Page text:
At this point we are just going to take (1. The precise meaning of the limit of a sequence is given in the following deﬁnition: Deﬁnition 1.1) as an important fact in the process of deﬁning the exponential function and of course all of its properties that lead to this fundamental limit.1. As n goes to ∞ then an gets 1 closer and closer to zero.2. We say that the number L is the limit of the sequences an if for every > 0 there exists an index n (which depends on ) such that am − L < for all m ≥ n. A list of the basic properties of limits of sequences or functions which can be derived from the deﬁnitions of limits is given here: 1. lim constant = constant x→a 2.1) is lim 1+ 1 an an an →∞ = e.1. lim f (x)r = (lim f (x))r x→a x→a .1. We write this like limn→∞ n = 0. At this point we would like to derive some other elementary limits using properties of limits and these fundamental limits.1. lim constantan = constant lim an x→a x→a n→∞ n→∞ 3. An equivalent way of writing (1. lim f (x)g(x) = (lim f (x))(lim g(x)) x→a x→a x→a 5. we say that a function f has limit L at x = a if the sequence f (an ) converges to L for every sequence an convergent to a. In general. As one of the simplest examples is an = n .1) for granted. FUNDAMENTAL LIMITS 5 1 numbers. Deﬁnition 1. lim constantf (x) = constant lim f (x). lim f (x)/g(x) = (lim f (x))/(lim g(x)) x→a x→a x→a 6. We are going to prove (1. lim f (x) ± g(x) = lim f (x) ± lim g(x) x→a x→a x→a 4.1) later on in the course after the formal deﬁnition of exponential functions by use of deﬁnite integrals has been introduced.1. To avoid circular reasoning we have to avoid using (1. A short and formal way to express that an has limit L (or an converges to L) is limn→∞ an = L.
All the above classes of functions except polynomials are called transcendental functions. 5. secant. What do we understand by elementary functions? First let us start with the basic elementary functions: 1. 2. LIMITS AND THE MAIN ELEMENTARY FUNCTIONS Let us work out an example in which these properties are used. arctan(x) + ln(2x + 1) j(x) = log2 (x3 + 2x) + sin(x) 2 ex . Their precise deﬁnitions will be given later hence the reason for the title of the text book “Early Transcendentals”.6 CHAPTER 1. 3. x→∞ = lim x→∞ 3 1+ x x 3 x = lim x→∞ 3 1+ x x 3 3 using Property 6. k(x) = or all the hyperbolic functions and their inverses. Logarithmic Functions: i(x) = loga (x). cosecant. x ∈ R. arccos. Domain = (0. Trigonometric Functions: sine. arcsec. An elementary function is then the result of a class of functions which is closed under composition of functions and the usual operations with functions such as addition multiplication or division. Let us give a few examples: arcsin(2x + 32x ) . 4. cotangent. Inverse Trigonometric Functions: arcsin. cosine. and the substitution lim x+3 x x = t (t → ∞) we get lim 1 1+ t t 3 x→∞ = t→∞ = e3 . . Domain = R. r ∈ R. Domain = (0. Example: Compute lim Since lim x+3 x x x→∞ x+3 x x . Power Functions: g(x) = xr . tangent. ∞). arctan. ∞). The Property 6 above can be extended to lots of other elementary functions. Exponential Functions: h(x) = ax . Polynomials: p(x) = c0 xn + c1 xn−1 + · · · + cn−1 x + cn . 6.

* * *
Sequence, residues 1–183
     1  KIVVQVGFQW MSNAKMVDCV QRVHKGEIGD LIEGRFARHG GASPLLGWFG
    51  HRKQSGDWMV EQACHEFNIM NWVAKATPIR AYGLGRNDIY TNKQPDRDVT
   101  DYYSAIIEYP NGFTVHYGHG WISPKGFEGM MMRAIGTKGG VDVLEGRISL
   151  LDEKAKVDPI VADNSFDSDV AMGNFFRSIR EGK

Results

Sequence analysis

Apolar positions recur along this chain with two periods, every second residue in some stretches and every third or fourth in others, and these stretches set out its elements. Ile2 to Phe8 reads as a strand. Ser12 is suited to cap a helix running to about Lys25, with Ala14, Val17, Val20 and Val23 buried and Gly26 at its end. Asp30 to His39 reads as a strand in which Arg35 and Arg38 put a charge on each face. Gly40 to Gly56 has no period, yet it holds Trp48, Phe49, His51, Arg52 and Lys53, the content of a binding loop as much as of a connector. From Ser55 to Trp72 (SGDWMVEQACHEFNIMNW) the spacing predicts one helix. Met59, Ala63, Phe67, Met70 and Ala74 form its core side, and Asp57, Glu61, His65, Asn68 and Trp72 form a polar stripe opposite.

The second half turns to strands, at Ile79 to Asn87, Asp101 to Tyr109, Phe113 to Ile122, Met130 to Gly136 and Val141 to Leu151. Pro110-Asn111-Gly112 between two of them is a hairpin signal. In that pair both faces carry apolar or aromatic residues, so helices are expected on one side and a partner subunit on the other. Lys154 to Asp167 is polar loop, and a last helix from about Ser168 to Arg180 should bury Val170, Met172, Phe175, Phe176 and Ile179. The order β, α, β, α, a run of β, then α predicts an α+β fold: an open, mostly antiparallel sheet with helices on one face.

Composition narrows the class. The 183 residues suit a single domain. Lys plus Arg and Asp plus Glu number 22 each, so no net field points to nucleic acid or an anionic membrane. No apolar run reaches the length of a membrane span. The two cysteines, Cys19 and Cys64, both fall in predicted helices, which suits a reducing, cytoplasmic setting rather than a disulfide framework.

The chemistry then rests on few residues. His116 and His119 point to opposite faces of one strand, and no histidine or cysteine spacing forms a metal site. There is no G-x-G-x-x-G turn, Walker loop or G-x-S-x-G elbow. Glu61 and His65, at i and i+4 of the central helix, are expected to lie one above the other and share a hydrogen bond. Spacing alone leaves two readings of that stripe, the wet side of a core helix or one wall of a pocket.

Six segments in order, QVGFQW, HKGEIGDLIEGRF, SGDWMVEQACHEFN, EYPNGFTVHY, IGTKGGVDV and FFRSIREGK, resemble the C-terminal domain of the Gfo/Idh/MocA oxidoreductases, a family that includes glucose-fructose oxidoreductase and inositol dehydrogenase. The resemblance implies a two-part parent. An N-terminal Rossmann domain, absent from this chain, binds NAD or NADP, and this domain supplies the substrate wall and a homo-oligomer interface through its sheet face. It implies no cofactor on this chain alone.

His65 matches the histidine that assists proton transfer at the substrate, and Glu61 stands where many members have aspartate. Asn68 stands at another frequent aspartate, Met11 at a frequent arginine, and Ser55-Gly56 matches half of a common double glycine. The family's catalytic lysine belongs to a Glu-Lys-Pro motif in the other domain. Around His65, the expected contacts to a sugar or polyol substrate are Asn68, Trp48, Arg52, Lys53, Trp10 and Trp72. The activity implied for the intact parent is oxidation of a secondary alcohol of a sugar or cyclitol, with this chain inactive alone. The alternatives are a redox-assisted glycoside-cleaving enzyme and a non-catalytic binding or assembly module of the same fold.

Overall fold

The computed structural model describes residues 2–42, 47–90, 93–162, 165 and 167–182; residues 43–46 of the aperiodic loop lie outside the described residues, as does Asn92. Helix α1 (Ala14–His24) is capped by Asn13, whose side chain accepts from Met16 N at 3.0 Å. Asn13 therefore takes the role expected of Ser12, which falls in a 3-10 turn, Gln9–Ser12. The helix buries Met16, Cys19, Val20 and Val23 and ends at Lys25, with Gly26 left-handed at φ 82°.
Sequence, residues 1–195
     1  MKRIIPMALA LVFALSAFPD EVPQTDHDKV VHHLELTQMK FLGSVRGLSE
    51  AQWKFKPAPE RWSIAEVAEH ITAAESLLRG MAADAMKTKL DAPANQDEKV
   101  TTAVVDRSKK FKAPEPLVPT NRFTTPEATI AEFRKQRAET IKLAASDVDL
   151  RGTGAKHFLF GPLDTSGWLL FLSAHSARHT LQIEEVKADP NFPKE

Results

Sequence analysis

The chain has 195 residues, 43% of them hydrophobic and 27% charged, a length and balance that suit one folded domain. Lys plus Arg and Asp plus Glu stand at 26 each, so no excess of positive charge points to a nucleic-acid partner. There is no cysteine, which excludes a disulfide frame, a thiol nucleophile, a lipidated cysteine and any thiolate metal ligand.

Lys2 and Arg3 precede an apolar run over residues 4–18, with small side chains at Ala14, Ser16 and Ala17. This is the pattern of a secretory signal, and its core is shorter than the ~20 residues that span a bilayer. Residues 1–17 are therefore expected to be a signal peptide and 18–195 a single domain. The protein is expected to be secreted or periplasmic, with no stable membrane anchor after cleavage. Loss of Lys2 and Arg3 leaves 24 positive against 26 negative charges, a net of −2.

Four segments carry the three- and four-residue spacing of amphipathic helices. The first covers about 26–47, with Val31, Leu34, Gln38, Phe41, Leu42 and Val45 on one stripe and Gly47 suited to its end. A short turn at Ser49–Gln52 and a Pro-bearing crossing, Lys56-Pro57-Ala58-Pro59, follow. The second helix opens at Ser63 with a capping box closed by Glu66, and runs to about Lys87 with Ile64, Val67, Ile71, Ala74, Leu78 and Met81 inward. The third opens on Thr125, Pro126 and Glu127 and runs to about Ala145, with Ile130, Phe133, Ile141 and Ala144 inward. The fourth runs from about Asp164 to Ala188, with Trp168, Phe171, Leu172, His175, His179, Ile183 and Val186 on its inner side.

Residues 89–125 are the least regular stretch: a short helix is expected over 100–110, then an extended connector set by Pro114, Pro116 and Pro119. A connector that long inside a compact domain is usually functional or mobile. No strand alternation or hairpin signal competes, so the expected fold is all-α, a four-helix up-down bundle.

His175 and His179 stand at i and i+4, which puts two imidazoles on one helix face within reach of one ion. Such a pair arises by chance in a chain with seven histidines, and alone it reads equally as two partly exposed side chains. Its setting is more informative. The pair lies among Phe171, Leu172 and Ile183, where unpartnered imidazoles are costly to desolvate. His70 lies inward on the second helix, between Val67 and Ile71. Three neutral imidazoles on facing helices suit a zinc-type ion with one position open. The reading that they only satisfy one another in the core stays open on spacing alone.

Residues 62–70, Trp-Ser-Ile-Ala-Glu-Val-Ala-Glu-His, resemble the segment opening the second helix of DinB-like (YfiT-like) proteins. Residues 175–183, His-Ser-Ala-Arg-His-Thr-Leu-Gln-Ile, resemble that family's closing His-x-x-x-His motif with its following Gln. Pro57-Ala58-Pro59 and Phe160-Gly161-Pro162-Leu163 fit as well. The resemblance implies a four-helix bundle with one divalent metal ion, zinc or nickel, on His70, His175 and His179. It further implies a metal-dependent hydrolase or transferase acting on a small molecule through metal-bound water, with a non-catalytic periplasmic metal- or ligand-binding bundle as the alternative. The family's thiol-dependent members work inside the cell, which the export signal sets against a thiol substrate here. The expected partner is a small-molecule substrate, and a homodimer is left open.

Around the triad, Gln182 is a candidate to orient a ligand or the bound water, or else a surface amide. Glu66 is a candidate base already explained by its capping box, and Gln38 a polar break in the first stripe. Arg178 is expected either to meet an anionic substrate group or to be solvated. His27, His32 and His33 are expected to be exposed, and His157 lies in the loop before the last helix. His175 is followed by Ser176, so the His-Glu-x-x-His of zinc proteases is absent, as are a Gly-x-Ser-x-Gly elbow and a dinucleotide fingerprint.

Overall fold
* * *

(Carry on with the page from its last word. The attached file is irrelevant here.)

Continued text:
Of course.4) and it intimately connects the polynomials with the exponentials: (1.3. if one assumes (1.2) happens is in fact a more general (at least formally) property: (1.2) x→a lim F (f (x)) = F (lim f (x)). The reason for which (1.3) x→b lim F (x) = F (b). Every elementary function is continuous at each point in its domain of deﬁnition. in the following way: (1. x→∞ x→∞ x x 1 and if we substitute y = x → 0 we get limy→0 ln(1+y) = 1 which is nothing else but y (1. which is called continuity of F at the point b. follows.1).4) the ﬁrst fundamental limit.1. x→0 x lim .4) ln(1 + x) = 1. say F . In other words we have the following theorem: Theorem 1. (1.1.1) and it is an intimate connection between polynomials and the natural logarithmic function: (1. or lim x ln(1 + ) = 1.1.5) ex − 1 = 1.4). x→a whenever limx→a f (x) is in the domain of F and the composition F (f (x)) makes sense. The third fundamental limit can be derived from (1. b ∈ Domain(F ). As an application of this theorem let us derive another fundamental limit which is equivalent to (1. x→0 x lim Since ln is continuous at the point e we obtain 1 1 lim ln(1 + )x = ln e = 1. FUNDAMENTAL LIMITS 7 Such functions may have complicated domains but whatever these domains are they will play an important role in what follows. The Property 6 can be extended (shown to hold true) to a function as above.